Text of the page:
Want to blend in with the hipsters? Get off Pitchfork and download Chicago-based band Maps & Atlases’ new album, Beware and Be Grateful, released for online streaming now and officially out on the 17th. Shedding their minimalistic math-rock sound, the group adds in vaguely folk, vaguely world-music references. This can be heard most prominently in “Old and Grey,” the album’s opener. Muddy synths, calm drums, and monophonic chanting replace the high-speed guitar exchanges from their earlier EPs and add a welcome contrast to their usually rigorous rhythms. Despite this glimmer of originality, the rest of the album’s tracks tread the much-trodden paths of modern indie rock, with ballads like “Winter” that use standard vocal hooks and percussion lines. Despite their “reinvention,” the album stomps their old grounds firmly.
If you prefer your indie rock live, check out British band The Wombats’ concert April 30tat the Metro in Wrigleyville. Known for rousing performances at festivals like Glastonbury, their bright sound is sure to be a crowd-pleaser. Speaking of music festivals, the lineup of Chicago’s own Lollapalooza was recently “leaked” online; bands like the perennial favorite Red Hot Chili Peppers, as well as famed performers like Jack White, are among the suspected roster of musicians, but the public won’t know for sure until the official list is posted this Wednesday. Whether the rumors are true or not, tickets tend to sell out quickly, so be sure to pick one up soon. Who doesn’t love mingling with thousands of other bodies in the oppressively hot and humid Chicago summer?
If this all sounds too plebeian for your tastes, there’s always classier fare to be had in the warmer months. Downtown’s Symphony Center (home of the Chicago Symphony Orchestra) is hosting the Australian Chamber Orchestra on April 15. Included in their intriguing program is a hodgepodge of 20th-century pieces, among them American composer George Crumb’s Black Angels, a harsh work for strings. Even more promising is a performance of Anton Webern’s suite Five Pieces for Strings, a work that dates from 1909 but nevertheless makes a bold statement in the German composer’s intense, atonal style. Reigning opera diva Dawn Upshaw will be present to lend her soprano talents to songs by Schumann and Schubert.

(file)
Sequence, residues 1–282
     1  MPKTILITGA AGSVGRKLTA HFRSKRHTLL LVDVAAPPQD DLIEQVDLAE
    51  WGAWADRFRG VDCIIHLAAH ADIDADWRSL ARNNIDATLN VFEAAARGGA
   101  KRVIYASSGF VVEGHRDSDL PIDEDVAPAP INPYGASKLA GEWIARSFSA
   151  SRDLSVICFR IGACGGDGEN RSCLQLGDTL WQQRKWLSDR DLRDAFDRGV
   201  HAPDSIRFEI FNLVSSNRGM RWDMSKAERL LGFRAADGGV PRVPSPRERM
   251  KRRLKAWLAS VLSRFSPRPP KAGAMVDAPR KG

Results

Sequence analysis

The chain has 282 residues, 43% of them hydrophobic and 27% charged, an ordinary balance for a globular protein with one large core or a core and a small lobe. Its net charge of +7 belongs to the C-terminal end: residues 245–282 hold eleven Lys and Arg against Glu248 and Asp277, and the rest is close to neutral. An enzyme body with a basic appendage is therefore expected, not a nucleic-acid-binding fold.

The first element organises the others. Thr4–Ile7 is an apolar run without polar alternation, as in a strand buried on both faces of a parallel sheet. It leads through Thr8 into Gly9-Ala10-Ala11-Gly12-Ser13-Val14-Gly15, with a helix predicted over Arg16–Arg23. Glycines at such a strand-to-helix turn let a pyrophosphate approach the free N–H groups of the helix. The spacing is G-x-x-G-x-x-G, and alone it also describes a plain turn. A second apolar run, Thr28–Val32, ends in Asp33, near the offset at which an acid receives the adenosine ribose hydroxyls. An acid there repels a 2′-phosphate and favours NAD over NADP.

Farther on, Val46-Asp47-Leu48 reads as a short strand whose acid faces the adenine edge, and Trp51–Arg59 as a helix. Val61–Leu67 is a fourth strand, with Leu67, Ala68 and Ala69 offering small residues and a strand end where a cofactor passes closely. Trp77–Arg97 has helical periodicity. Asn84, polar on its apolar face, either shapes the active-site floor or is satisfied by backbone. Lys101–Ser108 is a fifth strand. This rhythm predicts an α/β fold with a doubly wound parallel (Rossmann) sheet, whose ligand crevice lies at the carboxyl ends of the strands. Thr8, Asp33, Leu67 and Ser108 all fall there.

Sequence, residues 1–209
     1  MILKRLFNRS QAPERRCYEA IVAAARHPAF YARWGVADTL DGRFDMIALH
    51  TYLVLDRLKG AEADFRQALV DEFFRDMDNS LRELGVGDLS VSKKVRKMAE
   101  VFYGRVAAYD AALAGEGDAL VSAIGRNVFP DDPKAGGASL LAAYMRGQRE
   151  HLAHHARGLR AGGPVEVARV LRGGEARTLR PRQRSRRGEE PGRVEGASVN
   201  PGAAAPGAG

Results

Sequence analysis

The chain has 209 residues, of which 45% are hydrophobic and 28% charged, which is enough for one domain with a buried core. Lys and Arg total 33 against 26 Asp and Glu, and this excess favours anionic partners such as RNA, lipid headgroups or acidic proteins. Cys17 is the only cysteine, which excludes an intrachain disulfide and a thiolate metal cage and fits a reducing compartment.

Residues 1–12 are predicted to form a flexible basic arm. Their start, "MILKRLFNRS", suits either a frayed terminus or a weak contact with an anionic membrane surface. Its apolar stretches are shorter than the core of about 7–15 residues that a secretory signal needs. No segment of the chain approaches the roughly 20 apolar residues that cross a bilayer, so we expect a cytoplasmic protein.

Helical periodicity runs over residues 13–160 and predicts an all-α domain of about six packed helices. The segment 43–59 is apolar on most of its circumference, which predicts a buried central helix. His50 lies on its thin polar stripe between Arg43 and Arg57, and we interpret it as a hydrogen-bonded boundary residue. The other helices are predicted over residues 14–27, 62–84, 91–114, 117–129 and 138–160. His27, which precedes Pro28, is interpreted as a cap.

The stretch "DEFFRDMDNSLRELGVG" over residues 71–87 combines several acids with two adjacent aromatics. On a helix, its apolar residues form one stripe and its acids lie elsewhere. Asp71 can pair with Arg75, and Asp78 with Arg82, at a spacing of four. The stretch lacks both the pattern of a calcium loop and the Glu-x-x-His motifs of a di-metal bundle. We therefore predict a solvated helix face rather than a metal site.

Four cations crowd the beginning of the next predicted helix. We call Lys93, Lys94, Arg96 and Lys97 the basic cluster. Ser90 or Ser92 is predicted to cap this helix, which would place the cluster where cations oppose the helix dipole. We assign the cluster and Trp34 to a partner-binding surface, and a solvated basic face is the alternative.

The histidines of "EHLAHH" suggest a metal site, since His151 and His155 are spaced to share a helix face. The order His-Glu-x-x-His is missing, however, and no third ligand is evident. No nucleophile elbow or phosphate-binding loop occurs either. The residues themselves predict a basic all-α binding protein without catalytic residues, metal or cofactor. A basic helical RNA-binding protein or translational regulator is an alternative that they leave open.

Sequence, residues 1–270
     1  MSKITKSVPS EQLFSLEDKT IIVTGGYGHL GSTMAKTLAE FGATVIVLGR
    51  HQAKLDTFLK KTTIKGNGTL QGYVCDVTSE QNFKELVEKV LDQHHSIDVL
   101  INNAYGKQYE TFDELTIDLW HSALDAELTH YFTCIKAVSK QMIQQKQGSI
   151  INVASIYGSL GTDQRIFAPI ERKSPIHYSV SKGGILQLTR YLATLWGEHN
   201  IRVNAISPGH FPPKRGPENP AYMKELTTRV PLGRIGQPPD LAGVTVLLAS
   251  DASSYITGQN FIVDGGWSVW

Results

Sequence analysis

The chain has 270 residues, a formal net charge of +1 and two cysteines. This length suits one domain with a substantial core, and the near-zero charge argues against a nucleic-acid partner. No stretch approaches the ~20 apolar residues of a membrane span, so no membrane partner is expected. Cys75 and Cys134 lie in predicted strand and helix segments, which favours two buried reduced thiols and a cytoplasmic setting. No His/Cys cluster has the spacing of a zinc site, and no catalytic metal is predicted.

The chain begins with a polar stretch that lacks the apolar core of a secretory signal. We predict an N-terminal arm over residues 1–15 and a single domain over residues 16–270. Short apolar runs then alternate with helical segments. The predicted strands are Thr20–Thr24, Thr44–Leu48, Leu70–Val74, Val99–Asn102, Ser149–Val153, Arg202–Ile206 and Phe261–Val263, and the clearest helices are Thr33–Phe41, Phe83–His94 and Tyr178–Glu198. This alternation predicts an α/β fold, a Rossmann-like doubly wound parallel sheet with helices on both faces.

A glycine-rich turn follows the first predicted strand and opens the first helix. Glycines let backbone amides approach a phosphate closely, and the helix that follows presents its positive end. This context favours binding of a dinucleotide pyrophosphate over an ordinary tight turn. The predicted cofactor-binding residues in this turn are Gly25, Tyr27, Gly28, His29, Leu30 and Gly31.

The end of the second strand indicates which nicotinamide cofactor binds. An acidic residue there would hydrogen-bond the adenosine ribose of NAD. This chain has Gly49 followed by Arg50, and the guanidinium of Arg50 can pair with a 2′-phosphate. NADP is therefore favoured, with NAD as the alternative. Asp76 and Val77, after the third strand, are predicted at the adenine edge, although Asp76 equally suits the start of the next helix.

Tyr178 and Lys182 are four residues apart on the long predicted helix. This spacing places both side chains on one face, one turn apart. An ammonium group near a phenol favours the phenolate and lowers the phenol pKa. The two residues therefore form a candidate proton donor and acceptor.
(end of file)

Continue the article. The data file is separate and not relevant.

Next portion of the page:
Looking for other springtime sounds? Here’s a short playlist for those in want of some music to read Freud by on a lazy weekday.
1. Steve Reich, Music for Eighteen Musicians (written in 1976). The American minimalist composer’s classic work for chamber ensemble is perfect to chill out to; marimbas and woodwinds join percussion for an hour-long ambient daydream.
2. Nujabes, Spiritual State (2012). This final, posthumous release by the Japanese hip-hop producer offers plenty of ethereal percussion and jazz samples. Float away on the title track or on “Sky is Tumbling,” in which a rousing kick drum rhythm and saxophone melody joins the spoken verses of Cise Star.
3. Francisco López, La Selva (1998). The Spanish phonographer and sound artist’s classic release is more than just an environmental field recording. Take that tropical spring break vacation you missed by immersing yourself in this mass of sounds recorded in the Costa Rican rainforest, from ear-splitting waterfalls to calm birdsong.